First posted on Mark Is Cranky:
Every true music fan has in their pocket a short list: the artists who hold special meaning. Our relationships to those artists are different from the rest. Each release means something. They're not just records, they're events, they're signposts...repositories of all related memories: past, present and future.
Shortly after I cracked open Bruce Springsteen's Devils and Dust, before a single note was heard, a couple of very important memories fell out. The older of the two happened back in 1982. On a routine trip to the University of Maine bookstore I found an astounding and pleasant surprise: Nebraska. This was back before the internet or magazines such as Ice, so there was no advance warning. Here I was on my usual path, attempting to quench the music thirst and I'd been handed an ocean of relief. I remember the feel of the shrink wrapped cover, maybe even a little of that plastic smell. Back at the dorm, when I waved the album in the air so as to tease my friend Ed, his jaw dropped open in awe (we had recently become so anamoured of the Springsteen bootlegs "Live at the Agora" and "Fire From The Fingertips" that we'd been listening to them to the exclusion of most other music).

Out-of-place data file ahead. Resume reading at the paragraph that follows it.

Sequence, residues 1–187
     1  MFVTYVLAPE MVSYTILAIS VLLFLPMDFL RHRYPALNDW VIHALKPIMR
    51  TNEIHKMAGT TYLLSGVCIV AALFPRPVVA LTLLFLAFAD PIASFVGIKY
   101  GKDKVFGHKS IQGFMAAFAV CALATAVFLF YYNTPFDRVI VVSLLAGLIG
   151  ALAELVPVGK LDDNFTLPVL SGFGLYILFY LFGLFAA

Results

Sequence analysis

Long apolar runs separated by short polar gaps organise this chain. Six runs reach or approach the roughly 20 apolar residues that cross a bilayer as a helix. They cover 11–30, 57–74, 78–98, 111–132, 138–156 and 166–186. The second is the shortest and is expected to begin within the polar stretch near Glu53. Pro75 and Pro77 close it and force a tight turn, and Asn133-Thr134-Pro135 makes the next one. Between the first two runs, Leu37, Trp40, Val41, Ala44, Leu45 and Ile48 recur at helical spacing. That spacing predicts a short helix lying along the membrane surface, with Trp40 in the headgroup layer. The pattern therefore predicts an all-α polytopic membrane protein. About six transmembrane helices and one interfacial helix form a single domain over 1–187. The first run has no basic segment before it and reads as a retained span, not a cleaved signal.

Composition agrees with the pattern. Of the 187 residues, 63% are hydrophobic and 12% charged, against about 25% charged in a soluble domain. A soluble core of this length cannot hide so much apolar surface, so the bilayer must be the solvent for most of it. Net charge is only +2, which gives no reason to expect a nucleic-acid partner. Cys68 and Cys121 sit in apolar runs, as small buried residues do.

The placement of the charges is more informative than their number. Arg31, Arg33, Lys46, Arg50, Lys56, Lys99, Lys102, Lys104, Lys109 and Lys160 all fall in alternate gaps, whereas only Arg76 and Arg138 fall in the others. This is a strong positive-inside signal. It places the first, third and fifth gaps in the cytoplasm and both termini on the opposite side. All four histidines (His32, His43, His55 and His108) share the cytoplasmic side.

To be honest, I can't quite remember my initial reaction to the music. Thematically, the material followed Springsteen's penchant for following characters through their bad and good. Musically, this was not The River. Instead, things were all stripped down. I liked what I heard and instinctively knew that it was great....but at the same time...I just wasn't ready for it and didn't know what to think.
A more recent memory was again of a solo Springsteen release. I brought my new copy of The Ghost of Tom Joad over to my fiance's house to give it a first listen. With the "Nebraska incident" fresh in my mind, me & Linda sat on the couch and listened to the record straight though while reading from the lyric sheet. It's easy for me to tear up thinking about this now, because I remember being just so happy at being able to share my discovery of the music with her in this way (something I was never able to do in my first marriage).
Now it's time for Devils and Dust to make its own way. Here I sit very late at night, in a hotel room on the coast of Maine. Linda (you know her as "The Wife") is sleeping soundly, swallowed by the enormous king size bed. In the quiet, I find that it's tough to put the old memories aside to make room for the new ones.
- You have to constantly be writing from your own inner core in some fashion I find y'know?...